Bay-breasted Warbler in beach scrub.
Bay-breasted Warbler grazing in the grass near the hard-stand area of Shelter Bay Marina
The Empids continue to be seen and be silent and I have come to grips with the fact that I will probably not be able to add them to my life list. As if to compensate, the forest spirits have delivered up some easy warbler sightings. Most of the time the warblers are high in the canopy, behind leaves, buzzing around at light speed with the sun or an eye killing whited-out sky behind them. Today, they were foraging on the ground in the of best viewing conditions.
Blackburnian hunting on the ground near the beach.
I'm not sure Mother Nature felt sorry for me because I'm covered in Mozzie and chigger bites, or because I'm running on two pints less blood than I should have, or that I'm sluggish from the anti-histamines I'm taking to keep from clawing myself to death. Whatever the reason, I will gladly take the gift of the ground foraging Bay-breasted, Blackburnian and Mourning Warblers. Mourning is lifer #910 for me. I've only seen a Blackburnian once and that was a male in breeding plumage, so I didn't know what this was when I saw him foraging with a flock of Indigo Buntings. I did think it was strange to see a warbler like that on the ground, just like I thought is was weird to see the Bay-breasted on the ground about twenty minutes before.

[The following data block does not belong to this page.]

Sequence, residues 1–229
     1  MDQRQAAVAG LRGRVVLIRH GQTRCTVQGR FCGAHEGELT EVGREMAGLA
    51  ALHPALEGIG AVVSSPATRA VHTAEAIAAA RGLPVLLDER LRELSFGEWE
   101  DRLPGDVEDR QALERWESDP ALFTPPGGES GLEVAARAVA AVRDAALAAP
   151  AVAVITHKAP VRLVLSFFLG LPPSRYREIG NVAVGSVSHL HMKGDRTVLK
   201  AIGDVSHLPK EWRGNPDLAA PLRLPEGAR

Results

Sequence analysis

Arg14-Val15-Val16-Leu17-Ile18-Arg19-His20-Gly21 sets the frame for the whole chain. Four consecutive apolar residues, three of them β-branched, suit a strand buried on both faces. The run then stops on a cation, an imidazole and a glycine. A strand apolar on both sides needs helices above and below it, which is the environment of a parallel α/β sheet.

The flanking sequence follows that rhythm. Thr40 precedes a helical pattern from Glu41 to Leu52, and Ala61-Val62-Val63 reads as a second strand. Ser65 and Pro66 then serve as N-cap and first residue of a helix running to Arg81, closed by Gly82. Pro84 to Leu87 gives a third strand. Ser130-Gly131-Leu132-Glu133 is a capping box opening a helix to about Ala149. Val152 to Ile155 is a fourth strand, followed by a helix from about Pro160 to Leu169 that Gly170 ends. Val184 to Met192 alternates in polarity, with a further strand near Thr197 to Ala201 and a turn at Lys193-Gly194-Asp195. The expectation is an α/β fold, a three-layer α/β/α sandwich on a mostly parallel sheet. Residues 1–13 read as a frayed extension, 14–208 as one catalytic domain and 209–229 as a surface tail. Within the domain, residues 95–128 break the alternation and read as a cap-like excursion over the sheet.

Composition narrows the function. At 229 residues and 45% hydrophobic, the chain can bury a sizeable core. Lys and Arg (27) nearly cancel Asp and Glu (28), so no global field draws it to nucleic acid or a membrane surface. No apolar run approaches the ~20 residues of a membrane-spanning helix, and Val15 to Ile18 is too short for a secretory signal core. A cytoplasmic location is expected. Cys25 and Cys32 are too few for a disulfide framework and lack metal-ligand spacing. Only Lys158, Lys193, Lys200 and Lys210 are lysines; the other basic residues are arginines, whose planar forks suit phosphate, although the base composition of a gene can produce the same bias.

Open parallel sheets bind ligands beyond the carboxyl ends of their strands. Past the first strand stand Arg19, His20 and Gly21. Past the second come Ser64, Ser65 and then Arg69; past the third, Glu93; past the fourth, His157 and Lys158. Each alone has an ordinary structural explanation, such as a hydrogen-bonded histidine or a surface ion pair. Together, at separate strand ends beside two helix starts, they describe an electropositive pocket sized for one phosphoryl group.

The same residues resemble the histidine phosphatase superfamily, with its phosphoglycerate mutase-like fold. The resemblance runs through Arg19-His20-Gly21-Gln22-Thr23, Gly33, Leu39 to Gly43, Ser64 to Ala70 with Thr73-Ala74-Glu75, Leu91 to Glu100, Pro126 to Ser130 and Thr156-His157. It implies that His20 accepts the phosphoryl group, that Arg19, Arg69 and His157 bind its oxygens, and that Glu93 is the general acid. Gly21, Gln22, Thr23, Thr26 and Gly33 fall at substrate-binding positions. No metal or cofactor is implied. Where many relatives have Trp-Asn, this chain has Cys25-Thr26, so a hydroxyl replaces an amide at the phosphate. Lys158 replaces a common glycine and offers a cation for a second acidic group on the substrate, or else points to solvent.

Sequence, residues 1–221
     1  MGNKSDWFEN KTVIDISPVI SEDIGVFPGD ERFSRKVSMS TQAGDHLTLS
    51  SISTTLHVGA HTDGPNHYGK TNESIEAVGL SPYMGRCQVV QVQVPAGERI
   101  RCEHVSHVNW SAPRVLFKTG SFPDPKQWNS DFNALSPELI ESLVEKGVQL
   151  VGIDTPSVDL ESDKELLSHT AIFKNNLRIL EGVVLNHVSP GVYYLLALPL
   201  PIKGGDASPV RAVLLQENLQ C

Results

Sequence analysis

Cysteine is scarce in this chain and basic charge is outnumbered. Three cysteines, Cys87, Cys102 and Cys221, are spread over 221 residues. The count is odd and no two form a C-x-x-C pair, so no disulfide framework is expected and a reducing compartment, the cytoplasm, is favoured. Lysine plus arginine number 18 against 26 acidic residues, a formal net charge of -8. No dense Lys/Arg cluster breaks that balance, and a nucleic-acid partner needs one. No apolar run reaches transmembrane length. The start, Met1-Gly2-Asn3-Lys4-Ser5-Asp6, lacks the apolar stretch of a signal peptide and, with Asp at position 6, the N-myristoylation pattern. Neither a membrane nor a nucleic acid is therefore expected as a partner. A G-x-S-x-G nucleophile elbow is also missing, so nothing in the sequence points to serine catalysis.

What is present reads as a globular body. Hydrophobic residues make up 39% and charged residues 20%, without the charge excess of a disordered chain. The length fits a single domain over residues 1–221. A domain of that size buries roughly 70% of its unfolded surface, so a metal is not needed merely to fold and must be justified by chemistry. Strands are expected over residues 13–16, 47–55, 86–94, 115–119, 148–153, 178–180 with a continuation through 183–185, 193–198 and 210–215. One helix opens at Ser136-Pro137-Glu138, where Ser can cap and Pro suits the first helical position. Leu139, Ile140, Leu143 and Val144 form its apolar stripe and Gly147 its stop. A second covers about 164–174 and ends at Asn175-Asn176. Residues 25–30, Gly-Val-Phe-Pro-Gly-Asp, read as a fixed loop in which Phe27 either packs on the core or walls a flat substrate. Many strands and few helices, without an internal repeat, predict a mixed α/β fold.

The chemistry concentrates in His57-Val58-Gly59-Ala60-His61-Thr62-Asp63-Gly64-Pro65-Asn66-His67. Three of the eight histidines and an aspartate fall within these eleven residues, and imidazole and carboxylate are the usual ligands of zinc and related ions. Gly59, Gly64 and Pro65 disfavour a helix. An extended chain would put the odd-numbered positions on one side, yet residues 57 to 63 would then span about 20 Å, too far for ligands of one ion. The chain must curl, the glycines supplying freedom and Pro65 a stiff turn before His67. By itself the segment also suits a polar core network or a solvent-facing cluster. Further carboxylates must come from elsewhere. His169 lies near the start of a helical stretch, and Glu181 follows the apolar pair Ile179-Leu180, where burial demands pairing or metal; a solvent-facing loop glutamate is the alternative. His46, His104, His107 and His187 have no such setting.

One warbler that isn't weird to see on the ground; Northern Waterthrush.
On the 25th, I was on the beach and got a few better shots of the Bay-breasted. I don't know why, but it seemed strange to be standing on the sand and getting pictures of this Warbler. It went down to the vines in the sand and then up a few feet into the tangled shrubs. Also in the shrubs on the beach were a Yellow-billed cuckoo, and an Empid.